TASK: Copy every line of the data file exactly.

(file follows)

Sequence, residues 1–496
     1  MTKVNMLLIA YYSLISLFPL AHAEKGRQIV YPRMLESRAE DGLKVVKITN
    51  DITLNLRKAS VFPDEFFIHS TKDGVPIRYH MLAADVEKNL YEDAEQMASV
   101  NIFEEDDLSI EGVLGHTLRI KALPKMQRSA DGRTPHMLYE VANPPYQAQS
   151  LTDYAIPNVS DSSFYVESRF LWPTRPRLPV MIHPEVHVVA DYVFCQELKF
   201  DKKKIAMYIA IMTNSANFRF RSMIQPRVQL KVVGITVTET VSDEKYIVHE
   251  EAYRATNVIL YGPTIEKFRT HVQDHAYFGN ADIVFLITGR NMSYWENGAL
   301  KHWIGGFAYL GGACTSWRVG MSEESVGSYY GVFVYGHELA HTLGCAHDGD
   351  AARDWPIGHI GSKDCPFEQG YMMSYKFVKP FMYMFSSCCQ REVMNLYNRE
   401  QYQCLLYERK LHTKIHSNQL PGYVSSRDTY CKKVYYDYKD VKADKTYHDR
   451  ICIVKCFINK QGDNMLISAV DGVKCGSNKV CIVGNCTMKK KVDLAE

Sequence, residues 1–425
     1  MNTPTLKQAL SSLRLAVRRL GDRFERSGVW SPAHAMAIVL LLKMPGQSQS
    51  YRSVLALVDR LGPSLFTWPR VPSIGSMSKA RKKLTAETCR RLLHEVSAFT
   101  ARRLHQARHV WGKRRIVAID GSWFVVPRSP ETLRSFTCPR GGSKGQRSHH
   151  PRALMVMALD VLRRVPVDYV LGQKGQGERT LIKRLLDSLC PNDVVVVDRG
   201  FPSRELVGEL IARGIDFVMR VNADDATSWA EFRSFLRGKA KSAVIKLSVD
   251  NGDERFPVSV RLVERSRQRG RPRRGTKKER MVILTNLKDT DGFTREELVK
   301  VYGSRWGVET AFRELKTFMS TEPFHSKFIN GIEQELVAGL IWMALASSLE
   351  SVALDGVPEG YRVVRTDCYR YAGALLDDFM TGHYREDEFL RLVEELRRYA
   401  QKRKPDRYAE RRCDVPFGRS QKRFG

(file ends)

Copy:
Sequence, residues 1–496
     1  MTKVNMLLIA YYSLISLFPL AHAEKGRQIV YPRMLESRAE DGLKVVKITN
    51  DITLNLRKAS VFPDEFFIHS TKDGVPIRYH MLAADVEKNL YEDAEQMASV
   101  NIFEEDDLSI EGVLGHTLRI KALPKMQRSA DGRTPHMLYE VANPPYQAQS
   151  LTDYAIPNVS DSSFYVESRF LWPTRPRLPV MIHPEVHVVA DYVFCQELKF
   201  DKKKIAMYIA IMTNSANFRF RSMIQPRVQL KVVGITVTET VSDEKYIVHE
   251  EAYRATNVIL YGPTIEKFRT HVQDHAYFGN ADIVFLITGR NMSYWENGAL
   301  KHWIGGFAYL GGACTSWRVG MSEESVGSYY GVFVYGHELA HTLGCAHDGD
   351  AARDWPIGHI GSKDCPFEQG YMMSYKFVKP FMYMFSSCCQ REVMNLYNRE
   401  QYQCLLYERK LHTKIHSNQL PGYVSSRDTY CKKVYYDYKD VKADKTYHDR
   451  ICIVKCFINK QGDNMLISAV DGVKCGSNKV CIVGNCTMKK KVDLAE

Sequence, residues 1–425
     1  MNTPTLKQAL SSLRLAVRRL GDRFERSGVW SPAHAMAIVL LLKMPGQSQS
    51  YRSVLALVDR LGPSLFTWPR VPSIGSMSKA RKKLTAETCR RLLHEVSAFT
   101  ARRLHQARHV WGKRRIVAID GSWFVVPRSP ETLRSFTCPR GGSKGQRSHH
   151  PRALMVMALD VLRRVPVDYV LGQKGQGERT LIKRLLDSLC PNDVVVVDRG
   201  FPSRELVGEL IARGIDFVMR VNADDATSWA EFRSFLRGKA KSAVIKLSVD
   251  NGDERFPVSV RLVERSRQRG RPRRGTKKER MVILTNLKDT DGFTREELVK
   301  VYGSRWGVET AFRELKTFMS TEPFHSKFIN GIEQELVAGL IWMALASSLE
   351  SVALDGVPEG YRVVRTDCYR YAGALLDDFM TGHYREDEFL RLVEELRRYA
   401  QKRKPDRYAE RRCDVPFGRS QKRFG